My world became smaller and my mental space became obsessive. The number of fat grams on a package was my gatekeeper and the number on the scale my addiction. Everyday I would run, stretch, and lift weights.
I did this because that is what I thought I needed to do to be healthy. And to me healthy meant loved and accepted. As the number on the scale diminished, so did my self worth. My original desire for health evolved into a greater state of dis-ease. I had stopped menstruating (as my hormone levels were pre-menopausal at the age of 18).
I couldn’t run without getting a side ache, and I couldn’t even give blood during the school blood drive because I was underweight. Somehow the number I had been obsessing about didn’t seem important any longer. I found a hole within myself. My heart was empty and I was lost.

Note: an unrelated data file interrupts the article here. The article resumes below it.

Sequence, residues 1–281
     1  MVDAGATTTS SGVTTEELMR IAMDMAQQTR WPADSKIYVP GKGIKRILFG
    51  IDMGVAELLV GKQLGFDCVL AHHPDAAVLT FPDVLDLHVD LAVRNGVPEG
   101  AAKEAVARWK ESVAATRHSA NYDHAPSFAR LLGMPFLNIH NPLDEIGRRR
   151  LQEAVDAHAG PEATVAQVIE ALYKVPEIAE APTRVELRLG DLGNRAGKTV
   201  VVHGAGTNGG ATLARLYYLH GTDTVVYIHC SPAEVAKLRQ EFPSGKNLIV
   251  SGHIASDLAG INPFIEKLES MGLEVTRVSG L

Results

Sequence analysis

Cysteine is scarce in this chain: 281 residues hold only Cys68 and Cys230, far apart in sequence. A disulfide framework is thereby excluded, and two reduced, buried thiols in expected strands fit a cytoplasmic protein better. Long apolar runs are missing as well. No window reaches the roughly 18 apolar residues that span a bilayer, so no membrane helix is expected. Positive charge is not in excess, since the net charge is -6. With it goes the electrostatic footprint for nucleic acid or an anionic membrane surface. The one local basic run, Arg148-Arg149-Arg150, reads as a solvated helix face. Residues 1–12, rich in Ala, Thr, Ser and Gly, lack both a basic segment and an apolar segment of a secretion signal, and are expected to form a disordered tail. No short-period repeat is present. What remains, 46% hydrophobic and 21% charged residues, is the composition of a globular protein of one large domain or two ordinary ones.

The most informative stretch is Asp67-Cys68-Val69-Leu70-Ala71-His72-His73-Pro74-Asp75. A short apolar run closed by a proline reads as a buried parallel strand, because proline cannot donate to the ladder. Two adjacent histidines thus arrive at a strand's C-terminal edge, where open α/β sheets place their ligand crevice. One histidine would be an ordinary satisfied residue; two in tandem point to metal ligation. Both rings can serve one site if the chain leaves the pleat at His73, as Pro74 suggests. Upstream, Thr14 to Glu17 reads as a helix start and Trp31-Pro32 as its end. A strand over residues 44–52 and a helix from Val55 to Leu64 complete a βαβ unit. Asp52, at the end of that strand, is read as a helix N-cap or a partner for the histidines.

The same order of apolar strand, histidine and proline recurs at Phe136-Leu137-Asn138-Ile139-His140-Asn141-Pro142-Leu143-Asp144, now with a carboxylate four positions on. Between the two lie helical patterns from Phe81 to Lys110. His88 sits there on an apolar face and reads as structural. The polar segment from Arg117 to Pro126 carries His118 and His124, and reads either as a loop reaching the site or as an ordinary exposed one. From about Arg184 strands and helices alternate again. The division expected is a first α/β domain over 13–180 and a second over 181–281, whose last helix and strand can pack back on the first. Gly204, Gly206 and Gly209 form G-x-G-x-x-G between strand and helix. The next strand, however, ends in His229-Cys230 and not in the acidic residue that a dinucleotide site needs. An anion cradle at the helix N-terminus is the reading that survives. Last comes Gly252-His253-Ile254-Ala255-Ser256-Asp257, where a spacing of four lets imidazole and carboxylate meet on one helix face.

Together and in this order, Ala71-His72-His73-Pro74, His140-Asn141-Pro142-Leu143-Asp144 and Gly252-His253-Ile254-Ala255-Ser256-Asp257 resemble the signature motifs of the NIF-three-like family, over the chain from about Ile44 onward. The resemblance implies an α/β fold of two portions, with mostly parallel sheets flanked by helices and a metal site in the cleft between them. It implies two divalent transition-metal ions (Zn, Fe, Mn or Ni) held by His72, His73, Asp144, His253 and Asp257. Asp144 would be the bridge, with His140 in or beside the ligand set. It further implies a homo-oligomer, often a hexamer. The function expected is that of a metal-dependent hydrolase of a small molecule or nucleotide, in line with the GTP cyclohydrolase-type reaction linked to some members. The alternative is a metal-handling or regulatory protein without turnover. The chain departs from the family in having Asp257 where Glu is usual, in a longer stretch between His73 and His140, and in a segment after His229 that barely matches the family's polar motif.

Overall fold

I went to college in that state of utter confusion. I joined a sorority, which made absolutely no sense. Knowing my track record with the female gender this was like walking into hell and setting up camp. I didn’t know how to be friends with women, let alone myself. Within a matter of weeks my old habits started to fall away, but not by choice.
I no longer had control over the food that I would eat. What the cooks served is was I got. Counting fat grams was no longer an option. Eating foods that I had written off years ago, deeming them "bad", left me feeling bad, full of “unhealthy” food and full of shame. Lacking the ability to have compassion for myself, and offer forgiveness I instead found myself in a new whirlwind of self punishment.
For the next two decades I would live in the painful world of bulimia. When life got tough, I would turn to food to comfort, to numb, and to create a sense of control. A choice I was making out of familiarity, not consciously. Those behaviors that stemmed from a desire of health, love and acceptance became just the opposite. My behaviors became a place of pain, punishment and dis-ease.